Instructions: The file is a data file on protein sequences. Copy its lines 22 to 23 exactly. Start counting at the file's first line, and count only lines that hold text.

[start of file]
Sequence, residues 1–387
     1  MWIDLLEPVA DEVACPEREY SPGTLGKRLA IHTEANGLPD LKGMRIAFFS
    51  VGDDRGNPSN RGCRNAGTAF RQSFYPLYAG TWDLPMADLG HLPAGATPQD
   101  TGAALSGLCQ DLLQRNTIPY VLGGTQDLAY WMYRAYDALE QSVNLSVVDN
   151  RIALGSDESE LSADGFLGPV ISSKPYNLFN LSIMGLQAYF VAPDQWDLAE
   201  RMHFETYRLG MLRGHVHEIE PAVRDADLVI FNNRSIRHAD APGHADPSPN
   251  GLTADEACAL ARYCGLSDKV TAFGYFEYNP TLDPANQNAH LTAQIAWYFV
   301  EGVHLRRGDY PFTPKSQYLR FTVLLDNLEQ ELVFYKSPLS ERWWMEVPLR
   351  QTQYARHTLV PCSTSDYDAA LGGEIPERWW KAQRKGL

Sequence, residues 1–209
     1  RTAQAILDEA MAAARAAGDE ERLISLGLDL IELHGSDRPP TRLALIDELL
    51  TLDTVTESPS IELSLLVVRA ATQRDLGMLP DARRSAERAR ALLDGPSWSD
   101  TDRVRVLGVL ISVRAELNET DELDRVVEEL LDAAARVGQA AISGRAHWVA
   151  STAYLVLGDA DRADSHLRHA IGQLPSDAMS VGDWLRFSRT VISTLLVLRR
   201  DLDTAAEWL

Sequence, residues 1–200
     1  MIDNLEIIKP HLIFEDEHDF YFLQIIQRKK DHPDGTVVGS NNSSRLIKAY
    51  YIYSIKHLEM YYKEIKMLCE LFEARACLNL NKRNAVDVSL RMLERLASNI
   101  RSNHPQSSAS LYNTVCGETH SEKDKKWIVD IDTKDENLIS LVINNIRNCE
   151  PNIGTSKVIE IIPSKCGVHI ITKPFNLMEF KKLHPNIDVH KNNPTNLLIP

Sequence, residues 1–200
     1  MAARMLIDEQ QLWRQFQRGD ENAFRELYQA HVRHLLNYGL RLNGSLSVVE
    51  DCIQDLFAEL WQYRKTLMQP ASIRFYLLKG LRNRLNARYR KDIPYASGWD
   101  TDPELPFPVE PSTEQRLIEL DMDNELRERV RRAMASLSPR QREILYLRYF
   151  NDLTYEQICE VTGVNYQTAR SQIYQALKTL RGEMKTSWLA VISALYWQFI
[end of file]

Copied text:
     1  MAARMLIDEQ QLWRQFQRGD ENAFRELYQA HVRHLLNYGL RLNGSLSVVE
    51  DCIQDLFAEL WQYRKTLMQP ASIRFYLLKG LRNRLNARYR KDIPYASGWD